Yet many declared victory after a closed-door meeting just off the Senate floor where Senate Majority Leader Charles SchumerChuck SchumerLifting the SALT cap could reduce charitable giving 92 legal scholars call on Harris to preside over Senate to include immigration in reconciliation Schumer: Congress needs to raise debt ceiling by end of the week MORE (D-N.Y.) worked to convince his fellow Democrats that it was the best way forward.

Baldwin argued that the deal will allow Democrats to avoid wasting weeks of floor time on raising the debt ceiling under the reconciliation process when they would prefer to be working on a reconciliation package to implement President Biden’s $3.5 trillion Build Back Better agenda.

“I believe that Mitch McConnell is trying to steer [us] into this reconciliation process because it takes us away from the main Biden Build Back Better agenda,” she said. “We intend to take this temporary victory and then try to work with the Republicans to do this on a longer-term basis.”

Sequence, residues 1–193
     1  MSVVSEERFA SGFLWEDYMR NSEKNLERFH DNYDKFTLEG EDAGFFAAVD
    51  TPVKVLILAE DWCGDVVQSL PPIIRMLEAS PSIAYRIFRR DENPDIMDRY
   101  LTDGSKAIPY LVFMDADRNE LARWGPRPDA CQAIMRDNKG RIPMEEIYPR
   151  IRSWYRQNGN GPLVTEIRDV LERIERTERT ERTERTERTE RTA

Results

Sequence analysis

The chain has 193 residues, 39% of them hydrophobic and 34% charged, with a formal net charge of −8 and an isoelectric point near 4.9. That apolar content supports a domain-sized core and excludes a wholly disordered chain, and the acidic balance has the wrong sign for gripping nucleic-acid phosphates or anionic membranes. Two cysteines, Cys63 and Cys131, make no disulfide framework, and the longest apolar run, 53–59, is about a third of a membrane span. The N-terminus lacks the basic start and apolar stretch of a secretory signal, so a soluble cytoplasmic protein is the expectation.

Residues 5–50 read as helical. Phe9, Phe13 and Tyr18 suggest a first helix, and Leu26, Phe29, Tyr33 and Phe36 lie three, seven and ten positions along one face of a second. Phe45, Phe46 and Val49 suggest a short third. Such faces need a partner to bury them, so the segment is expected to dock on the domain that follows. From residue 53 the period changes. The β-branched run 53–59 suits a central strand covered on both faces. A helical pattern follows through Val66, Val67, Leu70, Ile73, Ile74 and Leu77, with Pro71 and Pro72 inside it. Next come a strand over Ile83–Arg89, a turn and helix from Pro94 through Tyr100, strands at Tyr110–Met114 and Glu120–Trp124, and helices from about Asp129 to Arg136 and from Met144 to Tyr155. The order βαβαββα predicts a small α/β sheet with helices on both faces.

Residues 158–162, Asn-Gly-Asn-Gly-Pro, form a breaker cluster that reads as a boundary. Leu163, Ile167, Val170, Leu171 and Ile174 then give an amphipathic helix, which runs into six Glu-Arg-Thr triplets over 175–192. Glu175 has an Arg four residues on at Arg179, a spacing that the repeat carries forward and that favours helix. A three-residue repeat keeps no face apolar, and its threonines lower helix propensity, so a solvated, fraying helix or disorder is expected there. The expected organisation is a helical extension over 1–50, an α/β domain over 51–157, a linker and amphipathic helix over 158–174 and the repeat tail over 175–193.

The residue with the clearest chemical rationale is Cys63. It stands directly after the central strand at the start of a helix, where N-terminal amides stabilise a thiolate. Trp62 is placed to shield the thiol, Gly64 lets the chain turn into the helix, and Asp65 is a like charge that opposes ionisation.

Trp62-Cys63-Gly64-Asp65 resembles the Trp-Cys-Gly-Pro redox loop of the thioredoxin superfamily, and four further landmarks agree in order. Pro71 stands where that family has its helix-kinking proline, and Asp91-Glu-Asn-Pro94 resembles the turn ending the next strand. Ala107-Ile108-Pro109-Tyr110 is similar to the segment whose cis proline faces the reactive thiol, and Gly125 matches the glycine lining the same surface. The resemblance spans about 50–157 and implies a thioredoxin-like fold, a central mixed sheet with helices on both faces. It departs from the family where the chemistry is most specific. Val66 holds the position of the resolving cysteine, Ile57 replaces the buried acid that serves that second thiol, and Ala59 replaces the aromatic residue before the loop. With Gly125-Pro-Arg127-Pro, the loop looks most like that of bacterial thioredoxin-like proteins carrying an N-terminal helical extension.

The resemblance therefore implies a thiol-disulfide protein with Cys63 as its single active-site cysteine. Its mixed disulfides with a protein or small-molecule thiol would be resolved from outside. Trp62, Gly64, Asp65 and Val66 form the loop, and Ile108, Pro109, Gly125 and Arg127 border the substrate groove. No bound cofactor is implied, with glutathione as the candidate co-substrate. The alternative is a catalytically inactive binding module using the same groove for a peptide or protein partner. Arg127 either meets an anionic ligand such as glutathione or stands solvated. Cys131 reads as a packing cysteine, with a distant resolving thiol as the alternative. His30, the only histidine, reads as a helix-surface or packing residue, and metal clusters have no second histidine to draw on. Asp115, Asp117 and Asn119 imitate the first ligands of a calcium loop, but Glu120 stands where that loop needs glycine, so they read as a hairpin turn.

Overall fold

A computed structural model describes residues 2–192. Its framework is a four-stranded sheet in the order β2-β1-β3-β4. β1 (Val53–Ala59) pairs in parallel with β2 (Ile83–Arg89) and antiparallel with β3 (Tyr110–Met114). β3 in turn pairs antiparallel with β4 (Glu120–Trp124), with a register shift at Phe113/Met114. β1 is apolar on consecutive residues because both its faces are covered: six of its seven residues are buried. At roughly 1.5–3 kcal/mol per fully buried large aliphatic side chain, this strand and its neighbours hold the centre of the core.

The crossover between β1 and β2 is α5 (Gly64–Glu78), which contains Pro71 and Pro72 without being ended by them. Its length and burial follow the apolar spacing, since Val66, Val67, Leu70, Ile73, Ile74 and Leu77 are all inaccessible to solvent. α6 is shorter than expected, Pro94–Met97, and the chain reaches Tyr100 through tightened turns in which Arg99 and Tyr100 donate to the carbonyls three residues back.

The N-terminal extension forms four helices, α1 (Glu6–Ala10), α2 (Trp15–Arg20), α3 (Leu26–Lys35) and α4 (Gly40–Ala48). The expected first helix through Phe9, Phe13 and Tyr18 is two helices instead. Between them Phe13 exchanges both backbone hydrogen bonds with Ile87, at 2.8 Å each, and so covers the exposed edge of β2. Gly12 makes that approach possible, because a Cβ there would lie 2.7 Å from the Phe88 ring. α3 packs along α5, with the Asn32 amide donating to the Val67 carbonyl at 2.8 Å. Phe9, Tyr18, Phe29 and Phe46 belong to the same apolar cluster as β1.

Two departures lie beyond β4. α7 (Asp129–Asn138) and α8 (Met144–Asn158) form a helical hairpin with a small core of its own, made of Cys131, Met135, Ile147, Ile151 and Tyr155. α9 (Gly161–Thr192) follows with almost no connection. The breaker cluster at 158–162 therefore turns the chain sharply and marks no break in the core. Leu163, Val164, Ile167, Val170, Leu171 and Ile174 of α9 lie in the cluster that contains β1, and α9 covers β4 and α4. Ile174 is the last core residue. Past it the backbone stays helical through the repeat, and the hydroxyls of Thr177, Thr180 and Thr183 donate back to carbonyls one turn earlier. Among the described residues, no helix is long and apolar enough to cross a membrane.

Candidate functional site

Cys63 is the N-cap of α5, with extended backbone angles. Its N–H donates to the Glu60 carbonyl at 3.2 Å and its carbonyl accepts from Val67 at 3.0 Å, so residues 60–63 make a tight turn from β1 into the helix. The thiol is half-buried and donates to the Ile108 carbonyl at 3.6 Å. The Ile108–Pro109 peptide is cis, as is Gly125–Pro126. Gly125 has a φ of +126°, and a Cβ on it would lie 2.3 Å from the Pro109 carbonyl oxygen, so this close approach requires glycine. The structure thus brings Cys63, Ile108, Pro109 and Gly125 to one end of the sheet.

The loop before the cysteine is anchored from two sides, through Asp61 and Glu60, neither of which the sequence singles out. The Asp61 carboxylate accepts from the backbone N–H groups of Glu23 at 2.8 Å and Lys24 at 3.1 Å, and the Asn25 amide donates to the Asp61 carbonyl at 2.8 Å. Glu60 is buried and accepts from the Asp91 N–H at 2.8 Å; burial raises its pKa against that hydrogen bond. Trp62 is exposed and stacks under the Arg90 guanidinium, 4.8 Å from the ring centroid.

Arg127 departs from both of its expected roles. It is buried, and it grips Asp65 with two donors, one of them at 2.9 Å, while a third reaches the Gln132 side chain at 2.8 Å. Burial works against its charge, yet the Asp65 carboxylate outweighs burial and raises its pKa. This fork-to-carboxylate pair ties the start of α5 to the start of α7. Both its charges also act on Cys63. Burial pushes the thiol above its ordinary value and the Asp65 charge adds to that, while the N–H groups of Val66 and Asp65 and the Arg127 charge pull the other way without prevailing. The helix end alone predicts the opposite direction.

“McConnell caved,” Sen. Elizabeth WarrenElizabeth WarrenOn The Money — Presented by NRHC — Democrats cross the debt ceiling Rubicon Trump endorses Diehl for Massachusetts governor, slams ‘RINO’ Baker Overnight Energy & Environment — Manchin opens door for .9T to .2T spending bill MORE (D-Mass.) declared after the caucus meeting. “And now we’re going to spend our time doing child care, health care and fighting climate change.”

Some Democrats made the argument that by agreeing to the deal, McConnell will be under pressure to again use regular order to raise the debt ceiling in November instead, and have less of a rationale to force Democrats to use budget reconciliation to allow the nation to take on more debt.

“We’ve made it clear we’re not using budget reconciliation, period,” said one Democratic senator who requested anonymity to comment on the deal. “The question for McConnell is, if you’re OK with allowing the Democrats to raise the debt ceiling for a couple months, why would you put the U.S. economy in continued jeopardy” by forcing another showdown in December.